I wonder if you remember the Solar Impulse 2, the plane that took the world by storm two years ago. From 2015 to 2016, Swiss pilots and explorers André Borschberg and Bertrand Piccard took the leap of faith and flew 40,000km around the world with nary a drop of fuel. It was the longest solar flight to date, a first in aviation history.
But creature comforts had to be sacrificed for the flight to succeed. The pilots flew without warmth, in a coffin-tight cockpit that afforded no space to walk or stretch. The restroom was a hole in the seat.
Fast forward to 2019, and there’s now a more comfortable way to see the world without adding to your carbon footprint. Compared to the pilots’ flight hell, this is the Ritz.
SolarImpact, a Self-Sufficient Luxury Yacht
Meet the SolarImpact Yacht. Stylish, quiet and wrapped in 300 square metres of solar panels, this is one yacht that can circle the world indefinitely – but only if you’re willing to go at a very leisurely pace.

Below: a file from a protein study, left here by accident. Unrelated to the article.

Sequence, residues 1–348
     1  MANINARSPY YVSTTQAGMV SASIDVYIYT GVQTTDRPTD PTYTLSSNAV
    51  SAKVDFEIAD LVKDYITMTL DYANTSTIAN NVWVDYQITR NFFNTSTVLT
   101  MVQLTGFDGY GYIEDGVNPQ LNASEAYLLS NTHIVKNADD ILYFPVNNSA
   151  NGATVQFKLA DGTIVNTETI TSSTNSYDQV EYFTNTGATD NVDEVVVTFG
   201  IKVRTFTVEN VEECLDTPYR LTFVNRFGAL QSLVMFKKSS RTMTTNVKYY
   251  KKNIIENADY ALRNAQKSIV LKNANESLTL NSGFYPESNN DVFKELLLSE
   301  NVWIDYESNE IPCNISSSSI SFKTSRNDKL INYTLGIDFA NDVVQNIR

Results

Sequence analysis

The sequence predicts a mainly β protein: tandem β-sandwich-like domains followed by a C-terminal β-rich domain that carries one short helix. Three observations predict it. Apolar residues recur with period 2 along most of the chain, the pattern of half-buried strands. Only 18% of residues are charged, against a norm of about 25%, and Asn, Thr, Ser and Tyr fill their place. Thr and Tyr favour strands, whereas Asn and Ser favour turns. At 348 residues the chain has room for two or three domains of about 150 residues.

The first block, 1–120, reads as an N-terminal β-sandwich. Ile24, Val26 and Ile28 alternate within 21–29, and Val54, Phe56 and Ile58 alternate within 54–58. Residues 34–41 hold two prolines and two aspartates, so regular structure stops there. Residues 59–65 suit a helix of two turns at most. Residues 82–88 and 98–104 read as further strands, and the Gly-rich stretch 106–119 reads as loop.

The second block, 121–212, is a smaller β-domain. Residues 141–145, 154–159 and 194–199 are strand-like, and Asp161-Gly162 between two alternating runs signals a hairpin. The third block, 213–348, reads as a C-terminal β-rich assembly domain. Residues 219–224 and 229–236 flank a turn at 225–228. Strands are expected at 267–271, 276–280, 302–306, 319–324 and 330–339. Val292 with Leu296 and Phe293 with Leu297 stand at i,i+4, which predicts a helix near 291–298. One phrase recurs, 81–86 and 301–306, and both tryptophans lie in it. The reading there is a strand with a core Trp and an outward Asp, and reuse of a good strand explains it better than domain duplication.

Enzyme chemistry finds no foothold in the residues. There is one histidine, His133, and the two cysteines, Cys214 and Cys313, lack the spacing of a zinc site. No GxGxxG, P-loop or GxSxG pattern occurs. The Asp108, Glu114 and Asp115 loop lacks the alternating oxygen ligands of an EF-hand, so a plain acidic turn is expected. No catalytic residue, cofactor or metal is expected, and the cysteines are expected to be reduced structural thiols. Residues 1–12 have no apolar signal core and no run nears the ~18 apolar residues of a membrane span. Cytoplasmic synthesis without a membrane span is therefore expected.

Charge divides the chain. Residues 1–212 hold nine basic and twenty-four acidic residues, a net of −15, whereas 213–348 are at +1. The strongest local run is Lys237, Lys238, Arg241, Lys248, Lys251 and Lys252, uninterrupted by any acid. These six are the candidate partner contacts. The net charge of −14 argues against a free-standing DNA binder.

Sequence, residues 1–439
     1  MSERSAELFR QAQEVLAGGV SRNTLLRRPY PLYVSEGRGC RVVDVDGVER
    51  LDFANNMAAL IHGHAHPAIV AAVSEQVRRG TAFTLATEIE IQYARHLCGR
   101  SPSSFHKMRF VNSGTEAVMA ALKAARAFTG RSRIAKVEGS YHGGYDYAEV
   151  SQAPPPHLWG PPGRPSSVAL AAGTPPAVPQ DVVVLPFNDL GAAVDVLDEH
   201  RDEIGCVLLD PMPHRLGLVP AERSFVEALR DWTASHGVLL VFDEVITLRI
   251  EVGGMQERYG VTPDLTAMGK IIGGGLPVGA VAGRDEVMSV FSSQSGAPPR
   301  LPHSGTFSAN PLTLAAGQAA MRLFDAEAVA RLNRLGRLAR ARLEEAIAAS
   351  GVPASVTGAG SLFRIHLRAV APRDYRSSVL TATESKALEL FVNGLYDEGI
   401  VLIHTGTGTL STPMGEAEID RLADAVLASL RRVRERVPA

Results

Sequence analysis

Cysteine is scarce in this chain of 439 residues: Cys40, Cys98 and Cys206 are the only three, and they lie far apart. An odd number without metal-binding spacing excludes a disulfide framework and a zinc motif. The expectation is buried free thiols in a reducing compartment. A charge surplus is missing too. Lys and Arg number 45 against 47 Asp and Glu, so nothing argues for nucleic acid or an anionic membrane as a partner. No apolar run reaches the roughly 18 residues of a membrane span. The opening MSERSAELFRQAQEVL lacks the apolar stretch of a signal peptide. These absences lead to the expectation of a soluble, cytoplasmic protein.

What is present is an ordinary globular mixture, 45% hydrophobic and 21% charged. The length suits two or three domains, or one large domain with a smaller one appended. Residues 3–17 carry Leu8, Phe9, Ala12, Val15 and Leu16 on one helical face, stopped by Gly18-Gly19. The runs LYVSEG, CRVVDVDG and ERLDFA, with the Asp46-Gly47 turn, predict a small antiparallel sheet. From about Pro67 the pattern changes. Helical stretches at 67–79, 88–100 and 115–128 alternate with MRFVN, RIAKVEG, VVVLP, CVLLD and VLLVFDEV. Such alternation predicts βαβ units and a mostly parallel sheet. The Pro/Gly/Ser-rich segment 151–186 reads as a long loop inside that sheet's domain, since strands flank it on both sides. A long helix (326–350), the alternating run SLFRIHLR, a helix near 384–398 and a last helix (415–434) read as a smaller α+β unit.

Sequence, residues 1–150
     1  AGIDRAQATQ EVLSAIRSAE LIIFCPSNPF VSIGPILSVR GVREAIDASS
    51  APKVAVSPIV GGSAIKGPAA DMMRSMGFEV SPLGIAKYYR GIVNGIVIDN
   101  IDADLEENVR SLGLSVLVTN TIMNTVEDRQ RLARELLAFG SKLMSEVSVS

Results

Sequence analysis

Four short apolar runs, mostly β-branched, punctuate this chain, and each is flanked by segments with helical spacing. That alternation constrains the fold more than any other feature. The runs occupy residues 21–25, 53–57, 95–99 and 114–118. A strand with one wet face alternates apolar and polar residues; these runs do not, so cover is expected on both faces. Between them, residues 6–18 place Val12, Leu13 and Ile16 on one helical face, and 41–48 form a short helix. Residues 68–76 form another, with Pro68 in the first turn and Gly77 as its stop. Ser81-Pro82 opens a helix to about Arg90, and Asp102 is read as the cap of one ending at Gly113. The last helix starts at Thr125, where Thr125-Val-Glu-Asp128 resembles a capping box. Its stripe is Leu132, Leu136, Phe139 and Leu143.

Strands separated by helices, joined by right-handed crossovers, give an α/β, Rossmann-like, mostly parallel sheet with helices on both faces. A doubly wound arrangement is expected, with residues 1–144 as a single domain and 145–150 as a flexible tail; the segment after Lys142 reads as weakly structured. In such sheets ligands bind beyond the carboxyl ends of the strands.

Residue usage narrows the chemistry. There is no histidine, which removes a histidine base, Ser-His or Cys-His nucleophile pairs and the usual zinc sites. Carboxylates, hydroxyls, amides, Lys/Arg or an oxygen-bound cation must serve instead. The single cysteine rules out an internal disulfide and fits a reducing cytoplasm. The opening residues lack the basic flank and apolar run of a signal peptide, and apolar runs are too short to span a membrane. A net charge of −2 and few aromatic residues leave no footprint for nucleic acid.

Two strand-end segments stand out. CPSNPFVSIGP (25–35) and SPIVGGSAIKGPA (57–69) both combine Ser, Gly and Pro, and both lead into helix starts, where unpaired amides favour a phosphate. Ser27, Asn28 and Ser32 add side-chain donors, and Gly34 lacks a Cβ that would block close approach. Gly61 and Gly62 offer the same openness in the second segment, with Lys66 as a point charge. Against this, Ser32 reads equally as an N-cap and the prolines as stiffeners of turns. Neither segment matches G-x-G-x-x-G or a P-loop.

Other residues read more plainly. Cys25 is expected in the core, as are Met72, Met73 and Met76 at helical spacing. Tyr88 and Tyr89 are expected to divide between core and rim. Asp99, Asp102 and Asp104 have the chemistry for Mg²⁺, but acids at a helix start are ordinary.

This 24-metre long yacht boasts 1,000 kW of all-electric power, which is able to speed things up to a quick 22 knots. But the only way to make it around the world is via the sun – which means travelling at a leisurely cruise of five knots, or 9.20 km/h. Go any faster and the battery will quickly deplete.
Fear not, the 800 kWh battery on board is what you need to get the job done. It packs in a good 10 hours of travel time, which can be easily extended with the help of the solar panels. On a good day, the panels can generate up to 320 kWh. And if the sun keeps it going, your trip around the world should take six months, provided God doesn’t throw curveballs your way.
In places where the sun don’t shine, there’s a pair of 65 kW range-extending diesel engines to the rescue. When one encounters choppy water, a twin-hull design cuts the sway by up to 90 per cent for optimal stability. Manoeuvring the boat isn’t rocket science; an AI-powered drive system makes steering a one-man job. Easy.
Visit SolarImpact for more details. Price is upon request